Wednesday, July 23, 2008

While ALMOST Mowing the Lawn

Yesterday evening marked the 6th day in a heat wave that we have been having in the Swamps of Jersey. I believe the high was 97 degrees Fahrenheit. I would give you the Celsius measurement but I am at once both too ignorant to know it off the top of my head and too lazy to look it up on a convenient web site.

Blame it on the heat.

Oh but its out there. Growing. Why is that? Why does the grass continue to grow in this heat? Shouldn’t it just want to lay as dormant as I want to? No – grass is a real ‘go getter’. You would think that it would just burn. Wouldn’t that be great?! Oh yeah. I’d love the yard to be dead; brown and dead – dust bowl dead. Yeah, that would be nice.

Man, it’s hot.

I had such high hopes for the ivy (see: The plan was simple enough; plant ivy and kill grass. The ivy would spread like a plague covering the tenacious lawn with a lush greenness that would never need to be mowed! That’s a brilliant plan. Oh yes, and the plan would have worked too, if it weren’t for those meddling kids!

No that’s not right the meddling kids had nothing to do with this one.

“When are you going to come and pick up the bucket of ivy?” my friend from work asked. “It’s starting to stink.”

“Stink?” I asked.

“Yes.” She said. “All you’ll have to do is wash it with bleach.”


“Yes. It’s right to the left after you open the gate.

“Right.” I said. “I’ll pick it up.”

And true to my word I did just that. The bucket was exactly where she said it would be and so was the smell. No, that does not do it justice, Gentle Reader. Please forgive me – allow me to rephrase the latter part of that sentence. Here we go…


Yeah, that’s better. The five-gallon bucket reeked of dead horse intestine stewing in its own juices for about two weeks in the hot sun. I could detect horse feces somehow in the mix. Vultures would have been circling save for the fact that this was supposed to be plant life. No – this really smelled of decaying flesh. The scent of death was about it. It was some abomination of nature warping both animal and plant DNA together in some macabre poached brew plucked from some level of Hell where Satan puts his own black skid marked stained undies. Brutal.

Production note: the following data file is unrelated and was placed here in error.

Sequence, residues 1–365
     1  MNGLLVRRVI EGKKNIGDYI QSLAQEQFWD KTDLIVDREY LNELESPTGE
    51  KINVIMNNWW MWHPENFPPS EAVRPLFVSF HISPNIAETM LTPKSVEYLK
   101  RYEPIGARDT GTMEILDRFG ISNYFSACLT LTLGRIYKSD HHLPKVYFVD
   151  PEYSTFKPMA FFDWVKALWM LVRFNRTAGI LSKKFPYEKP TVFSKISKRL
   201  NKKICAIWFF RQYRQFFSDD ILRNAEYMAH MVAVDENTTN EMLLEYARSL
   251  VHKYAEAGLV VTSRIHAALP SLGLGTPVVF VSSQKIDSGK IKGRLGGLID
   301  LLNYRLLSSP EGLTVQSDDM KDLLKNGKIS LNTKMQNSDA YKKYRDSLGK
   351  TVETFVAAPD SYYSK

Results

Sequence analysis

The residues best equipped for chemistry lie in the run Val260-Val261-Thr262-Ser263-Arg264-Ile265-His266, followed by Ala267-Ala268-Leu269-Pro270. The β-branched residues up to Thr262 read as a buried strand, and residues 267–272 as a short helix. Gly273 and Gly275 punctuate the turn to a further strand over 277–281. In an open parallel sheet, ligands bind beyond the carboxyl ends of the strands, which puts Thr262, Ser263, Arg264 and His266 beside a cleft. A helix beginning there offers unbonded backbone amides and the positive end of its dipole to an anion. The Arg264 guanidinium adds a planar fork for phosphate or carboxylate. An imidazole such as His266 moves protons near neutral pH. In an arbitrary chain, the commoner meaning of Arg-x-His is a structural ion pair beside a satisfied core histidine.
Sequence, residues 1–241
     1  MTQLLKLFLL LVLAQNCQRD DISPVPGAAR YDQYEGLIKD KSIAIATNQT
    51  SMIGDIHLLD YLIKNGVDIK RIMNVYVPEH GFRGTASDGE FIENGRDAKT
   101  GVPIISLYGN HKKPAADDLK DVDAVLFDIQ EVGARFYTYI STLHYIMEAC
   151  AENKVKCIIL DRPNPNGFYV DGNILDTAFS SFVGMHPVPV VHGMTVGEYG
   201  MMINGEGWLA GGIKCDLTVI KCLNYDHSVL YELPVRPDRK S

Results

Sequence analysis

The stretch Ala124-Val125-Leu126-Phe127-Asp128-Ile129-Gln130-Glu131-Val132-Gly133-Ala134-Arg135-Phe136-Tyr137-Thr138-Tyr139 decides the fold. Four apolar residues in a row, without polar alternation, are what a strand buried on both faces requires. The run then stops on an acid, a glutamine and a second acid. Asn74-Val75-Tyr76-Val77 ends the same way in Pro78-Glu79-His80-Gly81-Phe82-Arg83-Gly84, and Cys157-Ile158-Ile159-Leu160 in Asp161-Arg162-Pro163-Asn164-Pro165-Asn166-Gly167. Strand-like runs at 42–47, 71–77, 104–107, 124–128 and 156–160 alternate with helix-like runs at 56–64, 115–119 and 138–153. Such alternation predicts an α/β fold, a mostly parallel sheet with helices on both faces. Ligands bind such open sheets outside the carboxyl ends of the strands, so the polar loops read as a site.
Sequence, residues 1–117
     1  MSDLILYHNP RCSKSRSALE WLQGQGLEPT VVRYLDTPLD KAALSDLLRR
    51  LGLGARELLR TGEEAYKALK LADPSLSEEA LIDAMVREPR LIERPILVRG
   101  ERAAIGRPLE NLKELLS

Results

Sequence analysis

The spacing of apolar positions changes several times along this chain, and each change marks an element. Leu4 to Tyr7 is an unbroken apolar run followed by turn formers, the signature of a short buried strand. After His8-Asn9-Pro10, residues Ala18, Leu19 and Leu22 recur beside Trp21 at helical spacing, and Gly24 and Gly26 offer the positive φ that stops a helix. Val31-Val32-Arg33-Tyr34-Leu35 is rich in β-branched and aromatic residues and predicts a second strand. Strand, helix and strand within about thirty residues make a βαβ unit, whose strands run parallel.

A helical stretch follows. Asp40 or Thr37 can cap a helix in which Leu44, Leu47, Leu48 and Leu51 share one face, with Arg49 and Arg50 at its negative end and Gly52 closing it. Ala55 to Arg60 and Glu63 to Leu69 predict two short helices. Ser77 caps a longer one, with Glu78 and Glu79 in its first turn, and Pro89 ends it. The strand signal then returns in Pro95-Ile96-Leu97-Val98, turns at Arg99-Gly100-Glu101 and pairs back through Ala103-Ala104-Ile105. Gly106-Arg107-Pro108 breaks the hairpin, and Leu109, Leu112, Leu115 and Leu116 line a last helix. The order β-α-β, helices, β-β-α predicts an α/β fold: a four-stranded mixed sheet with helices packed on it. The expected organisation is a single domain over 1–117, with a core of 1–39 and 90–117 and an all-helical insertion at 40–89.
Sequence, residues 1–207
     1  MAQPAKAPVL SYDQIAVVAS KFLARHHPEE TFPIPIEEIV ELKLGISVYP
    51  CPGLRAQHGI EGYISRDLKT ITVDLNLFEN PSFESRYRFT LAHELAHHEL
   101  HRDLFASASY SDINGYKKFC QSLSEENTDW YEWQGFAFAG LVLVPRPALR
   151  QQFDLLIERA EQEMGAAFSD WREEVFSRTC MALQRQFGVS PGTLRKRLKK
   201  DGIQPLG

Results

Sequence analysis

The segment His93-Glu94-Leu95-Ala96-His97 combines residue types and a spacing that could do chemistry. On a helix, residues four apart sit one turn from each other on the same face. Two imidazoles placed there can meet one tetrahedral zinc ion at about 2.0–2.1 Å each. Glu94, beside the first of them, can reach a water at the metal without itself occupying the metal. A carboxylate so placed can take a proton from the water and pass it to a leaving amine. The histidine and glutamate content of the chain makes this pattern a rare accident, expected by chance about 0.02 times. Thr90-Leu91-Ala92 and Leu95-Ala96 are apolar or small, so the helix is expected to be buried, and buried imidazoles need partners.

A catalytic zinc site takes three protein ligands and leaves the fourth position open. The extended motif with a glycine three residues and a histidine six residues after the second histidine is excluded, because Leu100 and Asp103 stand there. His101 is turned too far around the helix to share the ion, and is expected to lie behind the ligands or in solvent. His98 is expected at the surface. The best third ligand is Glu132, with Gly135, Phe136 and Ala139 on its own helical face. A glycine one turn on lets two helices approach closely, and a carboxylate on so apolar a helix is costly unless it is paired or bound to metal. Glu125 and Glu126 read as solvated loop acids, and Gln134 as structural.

Bleach!” I said out loud to no one but myself. My friend and her husband were not home so I was officially talking to myself. The simple fact was that there was not enough bleach in my pantry to save what was left of the ‘ivy’. I began to hatch a plan. I couldn’t leave it here. She (my friend) had been kind enough to put the abomination in the bucket for me in the first place and she had made a request for me to pick it up from her residence – a job that I had agreed to do. There was no way that I could take it all the way to my place. I had to find a home for it… nearby. And that’s exactly what I did. I dumped out a little of the concoction so that it wouldn’t spill in the bed of my small SUV.

…Oh the stench…

I put the bucket in my trunk and drove to the woods where I introduced ‘ivy’ to the local environment. I didn’t litter – that would have been wrong. Instead I stimulated the ecosphere and reforested a bare patch in the forest.


I thanked my friend for her troubles, deodorized my truck and silently wished that the initial plan had come to fruition. Ah, “the best laid plans of mice and men”; this was a good one too. Now instead of ivy I’ve got a lawn full of tall, hot grass that needs mowing. Oh well, what’s a boy to do?

Maybe I’ll ask my friend for another bucket sans the horse intestine. Hey (or hay), it could work.

1 comment:

mommanator said...

DId you forget you live in the GARDEN state! thats why the grass grows- did you forget the humidity!-thats why the grass grows. Also if you would just change your way of thinking and fertilize it and want it to grow it wouldn't!put soemvegetables in it it wont grwo! teehee